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While Cyborg is looking through crime headlines, sharp-eyed viewers might be able to catch references to events from the television series Titans. One headline mentions the murder of Melissa Roth from Titans episode 1: “Titans”. If you’re eagerly awaiting more Superboy and Krypto after the cliffhanger in Titans episode 11: “Dick Grayson”, there is a brief mention here. One of the headlines says a Metropolis driver crashed his car after seeing a naked man with a dog wandering around. I guess Superboy couldn’t grab any clothes after leaving Cadmus...

 

Another headline mentions a Brazilian woman with glowing green eyes -- a reference to Fire. Brazil’s resident heat-based superheroine, was first introduced in Super Friends #25 (written by E. Nelson Bridwell and penciled by Ramona Fradon), before crossing over into mainstream continuity in DC Comics Presents #46 (written by E. Nelson Bridwell and penciled by Alex Saviuk).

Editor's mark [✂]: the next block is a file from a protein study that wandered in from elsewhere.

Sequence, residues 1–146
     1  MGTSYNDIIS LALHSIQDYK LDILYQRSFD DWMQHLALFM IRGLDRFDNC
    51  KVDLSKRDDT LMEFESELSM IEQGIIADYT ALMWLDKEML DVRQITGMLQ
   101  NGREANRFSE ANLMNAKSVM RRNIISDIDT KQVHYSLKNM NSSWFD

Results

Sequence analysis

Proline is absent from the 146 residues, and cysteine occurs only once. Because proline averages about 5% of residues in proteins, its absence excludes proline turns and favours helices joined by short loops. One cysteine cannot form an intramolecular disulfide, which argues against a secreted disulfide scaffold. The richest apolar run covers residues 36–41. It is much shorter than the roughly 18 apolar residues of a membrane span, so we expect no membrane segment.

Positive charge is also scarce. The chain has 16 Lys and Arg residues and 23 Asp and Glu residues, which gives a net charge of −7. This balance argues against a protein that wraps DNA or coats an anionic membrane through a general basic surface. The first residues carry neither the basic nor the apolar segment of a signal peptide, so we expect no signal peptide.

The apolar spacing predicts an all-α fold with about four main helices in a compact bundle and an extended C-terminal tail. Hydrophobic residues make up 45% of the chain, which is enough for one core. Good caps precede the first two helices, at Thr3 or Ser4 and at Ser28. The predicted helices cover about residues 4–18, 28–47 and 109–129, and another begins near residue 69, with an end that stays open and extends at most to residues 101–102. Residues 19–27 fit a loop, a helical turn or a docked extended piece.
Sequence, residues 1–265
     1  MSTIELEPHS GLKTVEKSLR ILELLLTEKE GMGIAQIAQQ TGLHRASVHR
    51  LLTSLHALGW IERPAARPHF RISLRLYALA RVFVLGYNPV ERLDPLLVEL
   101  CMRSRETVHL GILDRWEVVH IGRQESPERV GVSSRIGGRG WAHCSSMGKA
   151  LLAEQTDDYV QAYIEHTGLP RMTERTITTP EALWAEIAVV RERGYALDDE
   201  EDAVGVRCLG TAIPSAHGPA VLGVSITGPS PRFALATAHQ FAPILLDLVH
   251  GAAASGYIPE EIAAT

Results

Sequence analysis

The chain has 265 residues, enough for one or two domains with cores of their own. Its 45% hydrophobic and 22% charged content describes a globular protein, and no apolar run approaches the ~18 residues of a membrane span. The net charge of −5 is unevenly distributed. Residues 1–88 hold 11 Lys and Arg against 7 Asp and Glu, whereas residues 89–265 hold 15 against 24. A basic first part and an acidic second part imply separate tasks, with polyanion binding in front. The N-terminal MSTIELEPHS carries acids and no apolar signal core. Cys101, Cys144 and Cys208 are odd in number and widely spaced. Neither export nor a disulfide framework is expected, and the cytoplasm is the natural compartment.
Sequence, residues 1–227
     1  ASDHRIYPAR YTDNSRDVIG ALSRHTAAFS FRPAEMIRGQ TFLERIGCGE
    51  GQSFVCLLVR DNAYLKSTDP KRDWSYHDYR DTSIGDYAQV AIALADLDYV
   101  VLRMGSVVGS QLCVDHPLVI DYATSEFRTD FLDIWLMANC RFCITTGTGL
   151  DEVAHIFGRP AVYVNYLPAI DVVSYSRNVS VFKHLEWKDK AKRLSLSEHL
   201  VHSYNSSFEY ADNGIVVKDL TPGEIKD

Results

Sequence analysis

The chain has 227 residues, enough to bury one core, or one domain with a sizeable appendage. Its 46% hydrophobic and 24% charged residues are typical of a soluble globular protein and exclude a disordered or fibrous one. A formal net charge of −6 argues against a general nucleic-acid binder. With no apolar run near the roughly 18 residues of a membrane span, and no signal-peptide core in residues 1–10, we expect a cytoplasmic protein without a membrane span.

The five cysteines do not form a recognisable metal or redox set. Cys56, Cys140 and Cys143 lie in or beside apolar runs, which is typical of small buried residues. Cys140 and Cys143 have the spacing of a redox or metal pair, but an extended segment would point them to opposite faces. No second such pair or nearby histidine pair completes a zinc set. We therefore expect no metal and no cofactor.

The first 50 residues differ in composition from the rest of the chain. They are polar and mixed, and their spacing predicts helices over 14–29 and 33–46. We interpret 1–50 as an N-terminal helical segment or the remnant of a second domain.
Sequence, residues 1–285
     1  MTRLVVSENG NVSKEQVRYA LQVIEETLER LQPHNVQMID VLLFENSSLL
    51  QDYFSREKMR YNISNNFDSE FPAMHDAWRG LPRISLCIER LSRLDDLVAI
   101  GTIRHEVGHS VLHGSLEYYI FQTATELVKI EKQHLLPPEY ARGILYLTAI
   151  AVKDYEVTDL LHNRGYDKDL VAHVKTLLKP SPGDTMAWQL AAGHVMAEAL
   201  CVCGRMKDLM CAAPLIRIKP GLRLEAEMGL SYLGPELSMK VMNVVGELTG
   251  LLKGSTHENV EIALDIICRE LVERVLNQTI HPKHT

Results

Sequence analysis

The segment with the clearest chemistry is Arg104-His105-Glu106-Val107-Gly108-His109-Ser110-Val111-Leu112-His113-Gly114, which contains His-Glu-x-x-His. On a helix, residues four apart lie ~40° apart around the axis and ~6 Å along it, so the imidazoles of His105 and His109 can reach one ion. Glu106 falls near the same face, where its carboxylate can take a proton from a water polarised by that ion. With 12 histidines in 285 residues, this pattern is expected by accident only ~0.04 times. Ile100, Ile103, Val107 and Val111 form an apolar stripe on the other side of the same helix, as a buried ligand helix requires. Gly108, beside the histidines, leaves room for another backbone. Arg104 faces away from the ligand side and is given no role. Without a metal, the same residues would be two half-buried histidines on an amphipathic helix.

There was also a headline about new laws protecting humans whose property gets damaged in metahuman fights. While this may be referring to events that haven’t happened yet, it's also possible that it’s a reference to Powerless, another live-action DC TV series Alan Tudyk was featured in. In the pilot of the series, Alan’s character Van Wayne (cousin to a guy named Bruce) worked at an insurance company that specialized in claims from citizens whose property was ruined in superhero battles. The series was retooled after the pilot and the insurance angle was dropped, but could Cyborg’s news blotter remember? With Mr. Negative’s habit of breaking the fourth wall, it wouldn’t be surprising.

 

There is also a headline referencing a flying girl, many of which are in the DC Universe. It’s hard to tell who they’re referring to in that news story, but a Stargirl series will be premiering later this year! Hmmm….

 

Cyborg calls this system “Grid," which was a similar monitoring unit he had in the comics. It later turned on Cyborg, became its own entity and joined the Crime Syndicate. Let’s hope Victor is keeping a close eye on it here…

 

Cyborg’s Relationship with the Doom Patrol